Let’s talk about the Sea Point video.
The one involving the Cameroonian man who ends up smashing a rear window of a red VW Golf with a wheel jack.
If you haven’t seen it yet, the video starts in the middle of an argument between the man and the occupants of the Golf.
Most of the screaming happens between the man, a guy in the front passenger seat and a woman in the backseat.
These two have the filthiest mouths I have heard in a very long time, letting rip with colourful Cape Flats language that the foreigner obviously doesn’t understand.
They keep wanting to drive off, while he insists that they wait and eventually the front seat passenger attacks him.
At this point the wheel jack comes out and the window gets smashed, with him uttering the now famous phrase “who wants to die?”
I don’t want to get into what happened, because I simply don’t know and there are too many stories.
One of them is that the woman refused to pay the man, who is an Uber driver, leading to the argument.
What I do want to talk about is the anger, the passive spectators and one of the people recording the altercation.
At one stage this guy talks to the Golf passenger, trying to provoke him into fighting with the Cameroonian.
It’s people like him who make situations like these a lot worse than they need to be, and often merely for their own amusement and Facebook likes.
With almost all the videos we have seen of young people getting into physical fights, there’s always one individual gleefully cheering them on – a cruel and selfish coward, who doesn’t want to get his own hands dirty, but takes sadistic pleasure from watching the violence.
The whole video made me realise yet again how we seem to prime our young people towards violence.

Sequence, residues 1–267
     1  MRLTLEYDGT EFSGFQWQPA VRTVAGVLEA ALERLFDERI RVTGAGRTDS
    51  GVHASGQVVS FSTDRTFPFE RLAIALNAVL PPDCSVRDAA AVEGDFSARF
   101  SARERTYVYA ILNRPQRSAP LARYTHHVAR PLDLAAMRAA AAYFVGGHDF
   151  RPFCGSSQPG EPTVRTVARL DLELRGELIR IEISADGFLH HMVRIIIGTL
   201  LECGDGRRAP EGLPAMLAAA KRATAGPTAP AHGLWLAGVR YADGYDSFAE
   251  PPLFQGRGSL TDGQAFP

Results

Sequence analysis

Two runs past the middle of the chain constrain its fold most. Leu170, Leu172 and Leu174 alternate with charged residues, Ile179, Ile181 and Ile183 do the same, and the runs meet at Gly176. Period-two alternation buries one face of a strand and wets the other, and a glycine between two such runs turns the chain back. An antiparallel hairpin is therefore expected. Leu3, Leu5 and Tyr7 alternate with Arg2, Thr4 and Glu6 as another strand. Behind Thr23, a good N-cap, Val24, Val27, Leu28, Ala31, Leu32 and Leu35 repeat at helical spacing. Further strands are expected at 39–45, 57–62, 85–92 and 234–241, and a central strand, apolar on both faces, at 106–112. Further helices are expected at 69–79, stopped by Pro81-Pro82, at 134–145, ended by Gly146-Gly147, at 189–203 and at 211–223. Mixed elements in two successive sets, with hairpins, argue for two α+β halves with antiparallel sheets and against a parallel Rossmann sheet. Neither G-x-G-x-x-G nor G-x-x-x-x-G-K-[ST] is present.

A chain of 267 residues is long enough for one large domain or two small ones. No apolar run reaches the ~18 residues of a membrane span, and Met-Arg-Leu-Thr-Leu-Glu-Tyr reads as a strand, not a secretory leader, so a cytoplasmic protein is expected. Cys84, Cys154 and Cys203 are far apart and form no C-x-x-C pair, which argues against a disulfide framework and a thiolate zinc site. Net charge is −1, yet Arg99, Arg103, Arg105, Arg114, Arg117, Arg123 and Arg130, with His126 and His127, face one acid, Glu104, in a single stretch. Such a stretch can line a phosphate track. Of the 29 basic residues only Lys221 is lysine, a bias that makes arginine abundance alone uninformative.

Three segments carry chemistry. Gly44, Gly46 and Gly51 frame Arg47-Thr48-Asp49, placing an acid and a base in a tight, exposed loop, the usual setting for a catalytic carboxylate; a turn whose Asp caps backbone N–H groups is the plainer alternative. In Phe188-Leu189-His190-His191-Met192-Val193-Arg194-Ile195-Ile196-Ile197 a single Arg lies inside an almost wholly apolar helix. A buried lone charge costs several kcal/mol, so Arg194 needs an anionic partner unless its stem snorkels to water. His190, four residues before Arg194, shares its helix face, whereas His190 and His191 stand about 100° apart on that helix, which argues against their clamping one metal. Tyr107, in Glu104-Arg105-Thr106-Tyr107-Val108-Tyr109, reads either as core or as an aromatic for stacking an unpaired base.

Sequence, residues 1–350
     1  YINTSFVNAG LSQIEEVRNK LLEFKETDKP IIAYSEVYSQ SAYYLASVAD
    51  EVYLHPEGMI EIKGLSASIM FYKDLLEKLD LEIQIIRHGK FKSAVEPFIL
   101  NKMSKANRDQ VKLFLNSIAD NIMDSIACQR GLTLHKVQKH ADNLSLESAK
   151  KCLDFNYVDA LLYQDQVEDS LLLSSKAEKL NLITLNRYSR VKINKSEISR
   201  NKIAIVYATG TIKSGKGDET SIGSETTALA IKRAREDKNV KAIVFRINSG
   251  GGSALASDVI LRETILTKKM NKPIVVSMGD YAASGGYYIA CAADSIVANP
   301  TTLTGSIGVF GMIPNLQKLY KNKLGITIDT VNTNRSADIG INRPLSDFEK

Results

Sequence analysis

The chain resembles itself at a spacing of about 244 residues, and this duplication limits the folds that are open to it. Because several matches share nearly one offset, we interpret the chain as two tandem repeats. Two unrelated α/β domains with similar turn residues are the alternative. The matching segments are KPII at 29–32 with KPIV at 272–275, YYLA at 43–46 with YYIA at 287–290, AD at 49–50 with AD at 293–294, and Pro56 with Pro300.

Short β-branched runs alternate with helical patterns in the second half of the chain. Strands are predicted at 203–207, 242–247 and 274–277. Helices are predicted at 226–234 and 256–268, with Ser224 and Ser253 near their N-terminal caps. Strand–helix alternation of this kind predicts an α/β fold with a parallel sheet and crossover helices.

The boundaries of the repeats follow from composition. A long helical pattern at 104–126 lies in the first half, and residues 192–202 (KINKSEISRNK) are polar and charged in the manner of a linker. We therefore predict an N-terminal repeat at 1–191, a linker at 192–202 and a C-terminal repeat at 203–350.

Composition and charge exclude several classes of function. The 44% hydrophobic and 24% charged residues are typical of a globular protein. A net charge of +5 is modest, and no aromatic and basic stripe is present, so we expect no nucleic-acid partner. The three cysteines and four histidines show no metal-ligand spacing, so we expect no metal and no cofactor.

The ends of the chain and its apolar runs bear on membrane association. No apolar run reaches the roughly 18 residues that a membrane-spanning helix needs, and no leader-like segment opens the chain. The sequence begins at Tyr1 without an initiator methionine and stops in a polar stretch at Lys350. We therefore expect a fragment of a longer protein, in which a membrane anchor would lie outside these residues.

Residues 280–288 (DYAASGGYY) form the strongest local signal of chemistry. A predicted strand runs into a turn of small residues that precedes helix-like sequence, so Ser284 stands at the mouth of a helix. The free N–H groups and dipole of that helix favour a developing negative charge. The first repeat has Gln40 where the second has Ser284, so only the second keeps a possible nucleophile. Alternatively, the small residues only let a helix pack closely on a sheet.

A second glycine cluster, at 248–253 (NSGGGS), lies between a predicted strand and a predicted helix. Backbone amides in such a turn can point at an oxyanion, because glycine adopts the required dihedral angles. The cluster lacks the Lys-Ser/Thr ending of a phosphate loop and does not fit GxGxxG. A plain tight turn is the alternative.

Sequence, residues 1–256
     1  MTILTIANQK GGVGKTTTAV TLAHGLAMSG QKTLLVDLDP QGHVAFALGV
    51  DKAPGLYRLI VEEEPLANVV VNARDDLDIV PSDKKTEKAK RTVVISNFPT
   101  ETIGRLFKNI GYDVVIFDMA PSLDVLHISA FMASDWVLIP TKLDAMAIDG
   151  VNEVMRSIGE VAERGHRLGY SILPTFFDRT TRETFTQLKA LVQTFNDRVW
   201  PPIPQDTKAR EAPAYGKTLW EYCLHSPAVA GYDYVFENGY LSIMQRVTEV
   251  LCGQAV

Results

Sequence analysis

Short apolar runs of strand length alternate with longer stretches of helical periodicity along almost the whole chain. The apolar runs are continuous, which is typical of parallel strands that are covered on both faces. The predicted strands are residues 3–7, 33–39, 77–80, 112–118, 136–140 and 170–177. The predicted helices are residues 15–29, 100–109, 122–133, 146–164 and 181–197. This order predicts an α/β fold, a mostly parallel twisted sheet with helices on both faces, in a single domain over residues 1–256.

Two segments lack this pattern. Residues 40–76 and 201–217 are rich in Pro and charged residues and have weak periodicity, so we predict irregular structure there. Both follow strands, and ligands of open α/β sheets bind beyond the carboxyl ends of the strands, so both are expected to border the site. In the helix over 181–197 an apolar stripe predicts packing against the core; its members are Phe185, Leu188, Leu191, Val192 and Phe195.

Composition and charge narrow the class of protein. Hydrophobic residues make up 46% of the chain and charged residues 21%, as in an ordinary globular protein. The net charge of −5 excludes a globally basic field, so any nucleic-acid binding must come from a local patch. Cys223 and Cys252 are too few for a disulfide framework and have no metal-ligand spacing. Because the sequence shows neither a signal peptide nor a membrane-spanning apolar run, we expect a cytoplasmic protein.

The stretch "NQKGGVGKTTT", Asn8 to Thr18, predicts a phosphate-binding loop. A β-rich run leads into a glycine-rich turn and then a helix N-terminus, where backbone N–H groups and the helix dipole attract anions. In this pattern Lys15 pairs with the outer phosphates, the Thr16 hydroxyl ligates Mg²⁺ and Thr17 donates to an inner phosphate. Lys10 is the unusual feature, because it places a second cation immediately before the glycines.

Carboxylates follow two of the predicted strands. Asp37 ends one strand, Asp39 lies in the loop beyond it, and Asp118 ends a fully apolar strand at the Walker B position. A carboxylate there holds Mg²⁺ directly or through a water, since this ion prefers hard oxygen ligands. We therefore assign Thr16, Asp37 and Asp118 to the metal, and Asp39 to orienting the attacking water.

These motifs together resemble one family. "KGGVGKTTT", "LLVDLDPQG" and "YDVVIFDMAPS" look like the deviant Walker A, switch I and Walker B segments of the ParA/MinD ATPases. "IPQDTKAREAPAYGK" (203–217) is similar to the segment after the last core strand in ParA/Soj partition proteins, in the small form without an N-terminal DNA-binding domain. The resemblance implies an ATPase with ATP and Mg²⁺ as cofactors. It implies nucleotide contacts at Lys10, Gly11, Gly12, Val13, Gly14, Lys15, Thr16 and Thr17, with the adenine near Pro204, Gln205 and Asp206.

While the Cameroonian guy firmly insisted that they not leave, each of their responses was either outright violence, or to angrily antagonise him by shouting obscenities in his face.
It struck me yet again how our kids have no skill in how to deal with confrontation maturely and in a way that will avoid violence.
There’s an obvious machismo that is born in the ghetto and directly linked to an ego that does not allow you to back down, for fear of looking weak; so they invite the violence by provoking.
As the situation slowly escalates and tempers flare more and more, there’s a crowd unwilling to get involved, instead spectating and filming.
What if one of those people had a gun and started shooting into the crowd?
Everybody would have blamed, but nobody would’ve taken accountability for having done nothing to stop it from reaching that point.
I have long thought that since parents are not doing it, schools need to teach our kids how to de-escalate potentially explosive situations.
Now just imagine how much learning would’ve happened in that moment, if someone stepped in and defused the situation.
If instead of fuelling the fire, or standing by idly, if they somehow managed to get the two parties to listen to each other, come to a compromise and shake hands afterwards.
Better still, imagine if the crowd witnessed the two parties doing that by themselves.
We seriously need to ask ourselves why we feel better about reacting violently to a public confrontation, rather than calmly settling our differences.